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About the Author

Coe Booth is a graduate of The New School's Writing for Children MFA program, and a winner of the L.A. Times Book Prize for Young Adult Fiction. She is the author of TYRELL and KENDRA, and was born and still lives in the Bronx.


In her first novel, set in a Brooklyn ghetto, Booth conveys the frustration of a teenager who is trying to lead a better life despite all the pressures to do otherwise. Narrator 15-year-old Tyrell is in love with Novisha ("that's the only thing I got going for me right now") and dreams of the two living together. However Tyrell faces some major challenges. With his father in jail for the third time, Tyrell is homeless. He's living temporarily at the roach-infested Bennett Motel ("got rats the size of cats and shit"), sharing a room with his mother and little brother, Troy. He needs a way to make some money, but he wants to be sure it's legal: "I get locked up, Troy gonna end up back in the system." Using his father's DJ equipment, Tyrell forms a plan that could bring in a good chunk of money and get them back in an apartment. Using the voice of an inner-city teen, Booth keeps the story focused on Tyrell and his ups and downs as he struggles to do the right thing, and keeps the plot developments realistic-especially Tyrell's relief after his brother is taken by the Administration for Children's Services, allowing him the opportunity of freedom ("Back home to the projects. Where I belong"). Tyrell's frank talk about sex may be offensive for some readers, but only adds to his character's credibility. Ages 12-up. (Oct.) Copyright 2006 Reed Business Information.

Gr 9 Up-Now that his father is in jail, nothing seems to be going right for 15-year-old Tyrell. His mother's refusal to work and her stint with welfare fraud have forced them into homelessness and life in a roach-infested shelter in Hunts Point. At the shelter, Tyrell soon realizes that his attraction to another resident, Jasmine, could derail his dreams of a future with his girl, Novisha. Torn between the needs of the women in his life and his seven-year-old brother, Tyrell is determined to stay clean as he agonizes over creating a new life for his family. Booth combines the rhythm of raw street lingo with the harsh realities of an inner-city urban life to illuminate the labyrinth of Tyrell's world. As he struggles to escape this circle of poverty, he must also battle dual temptations of sexual frustration and the easy money he could make as a drug dealer. This is a thrilling, fast-paced novel whose strong plot and array of vivid, well-developed characters take readers on an unforgettable journey through the gritty streets of New York City's South Bronx. At its heart is the painful choice the teen must make as he realizes the effect of his mother's failure to do right by their family.-Caryl Soriano, New York Public Library Copyright 2006 Reed Business Information.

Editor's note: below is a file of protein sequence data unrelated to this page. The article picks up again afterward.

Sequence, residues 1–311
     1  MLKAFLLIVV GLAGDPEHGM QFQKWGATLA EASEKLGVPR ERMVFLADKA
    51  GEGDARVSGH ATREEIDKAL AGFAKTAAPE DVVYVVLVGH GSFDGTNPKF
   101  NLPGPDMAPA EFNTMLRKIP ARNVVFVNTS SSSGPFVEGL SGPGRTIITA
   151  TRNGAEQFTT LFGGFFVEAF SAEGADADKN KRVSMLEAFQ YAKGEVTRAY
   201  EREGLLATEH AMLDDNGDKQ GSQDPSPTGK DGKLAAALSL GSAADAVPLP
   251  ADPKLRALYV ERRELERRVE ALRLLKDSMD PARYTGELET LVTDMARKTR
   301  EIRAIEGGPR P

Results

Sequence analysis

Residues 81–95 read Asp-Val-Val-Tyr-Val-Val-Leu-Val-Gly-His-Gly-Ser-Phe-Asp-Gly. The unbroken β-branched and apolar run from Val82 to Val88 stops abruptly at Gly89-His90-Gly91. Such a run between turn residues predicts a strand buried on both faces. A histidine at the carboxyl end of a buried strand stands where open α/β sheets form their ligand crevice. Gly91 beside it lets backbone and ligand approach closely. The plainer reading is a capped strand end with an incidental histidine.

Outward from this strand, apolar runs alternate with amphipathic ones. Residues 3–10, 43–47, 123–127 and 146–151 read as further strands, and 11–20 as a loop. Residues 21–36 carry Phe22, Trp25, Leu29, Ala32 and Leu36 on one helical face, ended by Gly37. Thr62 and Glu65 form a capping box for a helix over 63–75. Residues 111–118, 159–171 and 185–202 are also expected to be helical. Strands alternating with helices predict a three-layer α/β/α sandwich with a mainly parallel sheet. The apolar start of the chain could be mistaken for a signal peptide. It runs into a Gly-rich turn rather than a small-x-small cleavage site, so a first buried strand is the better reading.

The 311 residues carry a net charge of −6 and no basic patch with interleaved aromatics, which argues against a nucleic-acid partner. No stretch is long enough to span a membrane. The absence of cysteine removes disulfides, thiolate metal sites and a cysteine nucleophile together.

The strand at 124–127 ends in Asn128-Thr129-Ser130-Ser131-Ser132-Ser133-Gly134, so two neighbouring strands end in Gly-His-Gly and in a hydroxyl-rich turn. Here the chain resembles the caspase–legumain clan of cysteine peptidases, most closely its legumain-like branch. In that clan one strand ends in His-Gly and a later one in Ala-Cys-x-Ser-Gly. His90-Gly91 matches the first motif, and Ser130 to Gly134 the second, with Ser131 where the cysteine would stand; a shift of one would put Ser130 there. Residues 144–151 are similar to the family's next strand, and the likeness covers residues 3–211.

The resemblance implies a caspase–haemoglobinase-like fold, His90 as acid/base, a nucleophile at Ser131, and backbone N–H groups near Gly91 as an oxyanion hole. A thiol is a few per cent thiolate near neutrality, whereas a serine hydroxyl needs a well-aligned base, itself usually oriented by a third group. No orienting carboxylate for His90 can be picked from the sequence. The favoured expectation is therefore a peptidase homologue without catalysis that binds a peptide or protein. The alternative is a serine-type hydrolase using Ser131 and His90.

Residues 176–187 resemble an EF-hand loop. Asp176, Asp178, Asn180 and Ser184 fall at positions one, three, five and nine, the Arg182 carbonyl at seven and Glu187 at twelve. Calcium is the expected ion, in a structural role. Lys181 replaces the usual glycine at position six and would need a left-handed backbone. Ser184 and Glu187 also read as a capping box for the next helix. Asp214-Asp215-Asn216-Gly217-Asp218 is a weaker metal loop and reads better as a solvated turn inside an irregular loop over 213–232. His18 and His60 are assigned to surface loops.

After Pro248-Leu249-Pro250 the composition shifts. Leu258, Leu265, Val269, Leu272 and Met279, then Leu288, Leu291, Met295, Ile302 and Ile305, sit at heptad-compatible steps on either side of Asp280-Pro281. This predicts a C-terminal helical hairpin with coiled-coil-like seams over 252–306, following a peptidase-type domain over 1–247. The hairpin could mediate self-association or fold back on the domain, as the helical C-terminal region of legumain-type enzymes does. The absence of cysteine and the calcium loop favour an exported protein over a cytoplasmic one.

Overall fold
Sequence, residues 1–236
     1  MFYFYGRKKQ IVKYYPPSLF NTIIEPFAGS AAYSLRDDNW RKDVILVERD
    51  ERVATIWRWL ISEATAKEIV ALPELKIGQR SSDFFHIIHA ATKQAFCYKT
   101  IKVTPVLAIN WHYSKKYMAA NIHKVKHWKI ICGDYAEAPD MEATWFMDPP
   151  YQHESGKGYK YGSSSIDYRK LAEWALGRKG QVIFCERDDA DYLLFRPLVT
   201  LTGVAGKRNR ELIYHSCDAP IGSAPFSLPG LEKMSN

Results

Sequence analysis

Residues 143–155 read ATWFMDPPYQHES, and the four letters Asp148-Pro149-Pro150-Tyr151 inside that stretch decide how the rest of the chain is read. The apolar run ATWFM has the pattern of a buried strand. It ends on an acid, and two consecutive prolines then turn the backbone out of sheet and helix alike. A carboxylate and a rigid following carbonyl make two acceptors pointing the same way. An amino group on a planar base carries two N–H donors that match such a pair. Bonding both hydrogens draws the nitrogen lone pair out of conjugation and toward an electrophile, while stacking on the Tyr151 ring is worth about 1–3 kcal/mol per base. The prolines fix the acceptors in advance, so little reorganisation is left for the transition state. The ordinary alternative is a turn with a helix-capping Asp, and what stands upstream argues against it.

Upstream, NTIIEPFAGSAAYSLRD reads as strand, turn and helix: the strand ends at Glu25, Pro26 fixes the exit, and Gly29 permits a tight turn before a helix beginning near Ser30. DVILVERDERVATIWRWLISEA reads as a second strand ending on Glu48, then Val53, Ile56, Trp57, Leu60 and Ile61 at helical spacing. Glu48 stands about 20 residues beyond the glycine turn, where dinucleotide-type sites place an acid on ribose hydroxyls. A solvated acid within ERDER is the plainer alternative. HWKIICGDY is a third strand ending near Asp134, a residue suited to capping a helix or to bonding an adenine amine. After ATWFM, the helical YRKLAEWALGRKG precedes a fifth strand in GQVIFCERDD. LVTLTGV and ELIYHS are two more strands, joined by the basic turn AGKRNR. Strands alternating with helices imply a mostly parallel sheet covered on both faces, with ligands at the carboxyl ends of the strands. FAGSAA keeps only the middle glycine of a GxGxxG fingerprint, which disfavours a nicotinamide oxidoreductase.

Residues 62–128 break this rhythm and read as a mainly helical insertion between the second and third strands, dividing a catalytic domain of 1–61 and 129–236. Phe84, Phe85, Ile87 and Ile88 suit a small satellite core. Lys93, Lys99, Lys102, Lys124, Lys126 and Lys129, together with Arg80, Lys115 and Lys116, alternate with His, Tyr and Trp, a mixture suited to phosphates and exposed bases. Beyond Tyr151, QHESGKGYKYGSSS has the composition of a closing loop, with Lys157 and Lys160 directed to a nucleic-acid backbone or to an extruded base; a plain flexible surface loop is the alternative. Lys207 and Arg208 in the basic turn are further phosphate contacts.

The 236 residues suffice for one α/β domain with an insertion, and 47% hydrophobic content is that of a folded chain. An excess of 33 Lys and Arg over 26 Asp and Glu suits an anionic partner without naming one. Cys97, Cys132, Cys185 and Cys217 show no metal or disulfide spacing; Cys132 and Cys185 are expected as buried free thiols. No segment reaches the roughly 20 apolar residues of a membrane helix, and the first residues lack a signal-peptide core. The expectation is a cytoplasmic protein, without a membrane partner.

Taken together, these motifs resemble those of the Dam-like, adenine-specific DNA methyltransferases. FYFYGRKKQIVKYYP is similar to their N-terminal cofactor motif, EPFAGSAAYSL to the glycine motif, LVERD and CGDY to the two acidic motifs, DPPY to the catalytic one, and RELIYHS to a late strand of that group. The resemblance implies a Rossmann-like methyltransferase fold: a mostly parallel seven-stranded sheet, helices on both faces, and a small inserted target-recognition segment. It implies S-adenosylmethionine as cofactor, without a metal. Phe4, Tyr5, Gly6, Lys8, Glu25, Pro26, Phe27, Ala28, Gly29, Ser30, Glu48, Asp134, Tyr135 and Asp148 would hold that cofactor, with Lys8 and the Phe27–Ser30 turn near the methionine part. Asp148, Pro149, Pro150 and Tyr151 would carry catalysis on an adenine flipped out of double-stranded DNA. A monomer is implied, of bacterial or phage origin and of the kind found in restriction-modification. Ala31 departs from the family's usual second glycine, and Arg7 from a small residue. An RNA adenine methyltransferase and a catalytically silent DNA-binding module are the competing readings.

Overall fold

After his DJ father is incarcerated for drug dealing, 15-year-old Tyrell, his brother and his mother
are rendered homeless and move to a slummy city shelter in the Bronx. His mom's ineffectual attempts
at keeping the family afloat financially and emotionally soon fall flat, and Tyrell is forced to take the
family's situation into his own hands. Inspired by his father, he decides to throw a secret dance party
in an abandoned bus garage with a steep admission charge guaranteed to boost his family's income.
Booth, a writing consultant for the NYC Housing Authority, clearly understands how teens living on
the edge-in shelters, in projects, on the street-live, talk and survive. It's the slick street language of
these tough but lovable characters and her gritty landscapes that will capture the interests of urban
fiction fans. While the complex party-planning plotline doesn't exactly cut a straight path, its
convoluted-ness undoubtedly illustrates the kinds of obstacles these teens must overcome and the
connections they need to make in order to survive-inside or outside the law. (Fiction. YA)
. . .

You don't hardly get to have no kinda childhood in the hood. At 15, Tyrell, is trying to keep his little brother in school and safe in their roach-infested shelter in the Bronx. He's dropped out of school, and Moms wants want him to sell weed to make money. But Tyrell is too smart. He doesn't want to end up in prison like his dad, so he tries to organize a neighborhood party to raise money. His girlfriend, Novisha, isn't happy that Tyrell has dropped out. She loves him, and they make out, but he respects her wish to remain a virgin. Booth, who was born and raised in the Bronx, is now a social worker there, and her first novel is heartbreakingly realistic. There are some plot contrivances--including Tyrell's stumbling upon Novisha's diary--but the immediate first-person narrative is pitch-perfect: fast, funny, and anguished (There's also lots of use of the n-word, though the term is employed in the colloquial sense, not as an insult). Unlike many books reflecting the contemporary street scene, this one is more than just a pat situation with a glib resolution; it's filled with surprising twists and turns that continue to the end. --Hazel Rochman

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